‘The Refuge’ opens things up in fairly heavy manner. While the actual opening for moments are filled with keyboard washes and some harmonics, when the song kicks in, there’s no mistaking this as a light affair. This is one of the quicker pieces on the album, with some of the aforementioned flute work a lilting extra voice. Klaus-Peter Matziol’s bass playing is enjoyable, and had it been mixed just a bit higher might have been one of the highlights; as it is it’s just this side of being a lead instrument. Frank Bornemann’s vocals will take some getting used to, I think…his voice is distinctly German, and even though he is singing in English, his voice is noticeably accented. It is less this accenting that distracts, and more the actual tone of his voice. It lacks a certain strength that I think would allow for a more forceful delivery of the band’s lyrics. I have no complaints about his guitar playing, however; his lead work is very good, and he has a great rhythm tone as well.

‘The Secret’ is a slower composition, nearly 8 minutes in length, opening with a very mellow bass and rum pattern. Some very nice, spacy synth and keyboard work rests overtop this bed, while Bornemann’s vocals are heavily processed, a vocorder effect completing the scene musically for this much more space rock oriented composition. Some of the keyboard voice choices seem a little off; while there are some great, bubbly synth patches selected, occasionally a bright, almost carnival-esque tone is heard, and it pulls me out of the song. The slower space elements are great, but the choruses just don’t fit in as well, with a more strident, military beat and the preponderance of mis-matched patches.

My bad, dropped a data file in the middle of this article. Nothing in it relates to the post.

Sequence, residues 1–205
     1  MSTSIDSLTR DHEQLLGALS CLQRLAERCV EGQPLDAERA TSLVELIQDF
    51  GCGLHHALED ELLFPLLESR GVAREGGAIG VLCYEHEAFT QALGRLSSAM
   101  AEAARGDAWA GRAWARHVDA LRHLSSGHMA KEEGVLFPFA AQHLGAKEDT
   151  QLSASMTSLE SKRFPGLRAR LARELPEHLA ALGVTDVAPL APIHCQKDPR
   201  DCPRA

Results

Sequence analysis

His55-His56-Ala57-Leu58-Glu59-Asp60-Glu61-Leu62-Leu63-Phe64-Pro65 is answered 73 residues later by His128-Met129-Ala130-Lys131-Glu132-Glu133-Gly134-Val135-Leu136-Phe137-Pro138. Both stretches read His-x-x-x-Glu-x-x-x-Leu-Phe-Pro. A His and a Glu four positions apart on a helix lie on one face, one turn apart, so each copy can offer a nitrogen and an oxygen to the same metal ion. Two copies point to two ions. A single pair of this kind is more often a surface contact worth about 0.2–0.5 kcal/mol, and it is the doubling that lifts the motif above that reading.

Strident beats work much better on ‘Age of Insanity,’ a melodic mid-tempo rocker with hooks big enough to be seen from space, and choruses that could easily be sung along to in concert. Vocals are nicely double tracked and layered, and Bornemann’s guitar solo at 3:30 is very enjoyable, if not completely incendiary. I will admit that some of the bridge/chorus sections feel a bit pasted on or perhaps unnecessarily added on to pad out length, but in the end I can’t quibble too much, as this is probably my favourite piece on the album.